“In order to be confident of the sensitivity of the study, we would expect to detect a difference between the ‘positive control’ of caffeine vs. placebo, consistent with the many previous investigations involving caffeine. Unfortunately this was not the case. This strongly suggests that there may have been issues with the cognitive testing methodology or sensitivity of the study generally, and that the cognitive results ought to be taken as inconclusive.”
After the disappointing results, Woo emailed the researchers requesting that the product tested not be labeled SPRINT.
But the company certainly expected to be testing SPRINT. It had originally registered the clinical trial in a U.S. government database as “The Effects of SPRINT, a Combination of Natural Ingredients, on Cognition in Healthy Young Volunteer.” It also described the formulation in an October 2016 Medium post as SPRINT MK.111, adding that it’s an “upgraded composition based on our latest research and data.”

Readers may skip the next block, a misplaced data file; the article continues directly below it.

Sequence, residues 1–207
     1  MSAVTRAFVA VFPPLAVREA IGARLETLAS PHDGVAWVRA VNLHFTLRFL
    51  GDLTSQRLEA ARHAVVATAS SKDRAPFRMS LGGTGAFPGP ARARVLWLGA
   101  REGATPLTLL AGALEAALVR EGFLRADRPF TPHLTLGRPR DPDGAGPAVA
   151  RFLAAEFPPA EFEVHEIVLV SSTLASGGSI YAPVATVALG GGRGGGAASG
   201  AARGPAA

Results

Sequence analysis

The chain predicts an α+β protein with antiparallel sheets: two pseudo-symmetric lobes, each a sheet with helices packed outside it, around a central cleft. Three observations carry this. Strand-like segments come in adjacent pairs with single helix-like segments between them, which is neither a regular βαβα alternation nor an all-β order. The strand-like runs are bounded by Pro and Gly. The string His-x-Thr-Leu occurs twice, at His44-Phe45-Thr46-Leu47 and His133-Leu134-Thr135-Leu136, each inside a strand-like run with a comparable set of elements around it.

An independent lab study seen by CNBC suggests the tested compound had slightly less L-Tyrosine than SPRINT, which Woo confirmed. Woo also said the tested compound had more Vitamin B12, but the lab test did not show this difference.
Two sources told CNBC that the product tested would have been the next evolution of the SPRINT product.
“I think they expected it would perform even better than what they were selling,” said Blokland.